I feel like I’m in a minority among disabled people. I mentioned in a previous blog that I have friends with disabilities who are quite happy to speak at length about the various afflictions caused by their impairments and sometimes I ask myself why they do this. Is it because they’re looking for support from fellow sufferers? Their difficulties are vastly different to mine and even if they weren’t whose to say we would have similar methods of coping? My theory, and it is only a theory, is that their lives have been so entrenched by professional opinion and medical diagnosis that they’ve taken what they’ve heard over and over again and used it to form their personal identity. ‘This is who I am because I suffer from X disability which means I have trouble doing Y.’

I don’t want to dictate to anyone where and how they get their self­worth, if being a ‘Disabled Person’ is who you ‘are’ and you’re happy with that then I can’t change that. But I do wonder if it’s entirely healthy to base your personality on your limitations rather than your talents and interests.

I notice some parents of disabled children do this too and that I find really disturbing. I understand that being a parent of a disabled person is very challenging and tiring at times and you must be grateful of an outlet to vent your worries and woes but I am baffled by the willingness of some people to unload their children’s problems and diagnosis to a virtual stranger while the child is in earshot. How can you expect them to have any self­ respect or a broad character if that’s the introduction their parents give them? I always have to fight the urge to start asking really probing questions about their sex lives or medical history to see how they like that level of exposure.

I raised this issue with my Dad. He was convinced people did it because it’s a shared bond, a way of breaking the ice when two disabled people meet. He said, ‘Look, if I’m out on my motorbike and I go in a cafe and see a bloke sitting there with a motorbike helmet on the table, I’m going to start a conversation with him about bikes because it’s something we have in common. It’s the same as that.’ I disagree. Motorbikes are my Dad’s hobby, he enjoys them, chooses to be interested in them. Being disabled is not my hobby, it’s a pain so why would I want to pick over that sore point? Amy, my P.A, was driving me back from a friend’s house once when she said, ‘I didn’t realise how little you talked about your disability until I met your friends.’ My response was, ‘what’s there to say? You know enough to help me. Talking just reminds me of what I can’t do. There are more interesting topics to talk about.’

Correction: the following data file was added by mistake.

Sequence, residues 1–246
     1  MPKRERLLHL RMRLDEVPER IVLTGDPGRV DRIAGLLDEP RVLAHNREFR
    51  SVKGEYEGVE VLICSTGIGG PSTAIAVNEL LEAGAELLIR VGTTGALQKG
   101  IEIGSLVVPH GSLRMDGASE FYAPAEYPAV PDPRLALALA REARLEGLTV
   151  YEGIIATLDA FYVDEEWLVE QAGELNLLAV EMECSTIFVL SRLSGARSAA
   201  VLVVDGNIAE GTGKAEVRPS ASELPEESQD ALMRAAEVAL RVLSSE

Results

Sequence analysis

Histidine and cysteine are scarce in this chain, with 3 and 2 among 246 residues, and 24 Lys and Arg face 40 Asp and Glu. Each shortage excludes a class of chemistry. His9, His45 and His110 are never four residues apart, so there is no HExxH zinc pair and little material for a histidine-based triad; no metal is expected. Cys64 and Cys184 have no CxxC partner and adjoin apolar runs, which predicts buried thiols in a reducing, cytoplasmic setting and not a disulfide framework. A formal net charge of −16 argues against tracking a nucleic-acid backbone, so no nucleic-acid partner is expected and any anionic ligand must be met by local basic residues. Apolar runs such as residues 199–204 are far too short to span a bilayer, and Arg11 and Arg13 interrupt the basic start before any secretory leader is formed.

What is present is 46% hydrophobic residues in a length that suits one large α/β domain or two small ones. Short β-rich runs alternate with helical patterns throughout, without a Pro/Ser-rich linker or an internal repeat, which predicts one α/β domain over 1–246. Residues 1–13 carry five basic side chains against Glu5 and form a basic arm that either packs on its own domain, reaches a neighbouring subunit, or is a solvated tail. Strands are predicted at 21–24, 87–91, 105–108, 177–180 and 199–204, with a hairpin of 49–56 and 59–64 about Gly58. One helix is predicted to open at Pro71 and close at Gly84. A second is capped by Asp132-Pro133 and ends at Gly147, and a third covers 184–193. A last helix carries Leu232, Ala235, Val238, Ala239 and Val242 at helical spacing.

I do understand why some people feel the need to tell people about their impairment, especially when their disability isn’t obvious at first glance. They feel the need to explain what is wrong with them to avoid misunderstandings. But I can’t help feeling that every time this happens and it’s not needed that the person is somehow apologising for something that isn’t their fault, exposing a piece of themselves that is broken somehow. My main disability cannot be hidden but I have other impairments that you can’t see, some of them more disabling than C.P. I won’t say what they are because why should I invite more stigma into my life? People judge me enough as it is.

Despite all this, I know at the end of the day I’m wrong. We do need to talk about all aspects of disability if we are going to educate and make society more accepting. I admire people who see no shame in telling others what it’s like to them and I do try to be as open as I can. It’s just that I want to share the best of me with the world, not just be focused on my disability.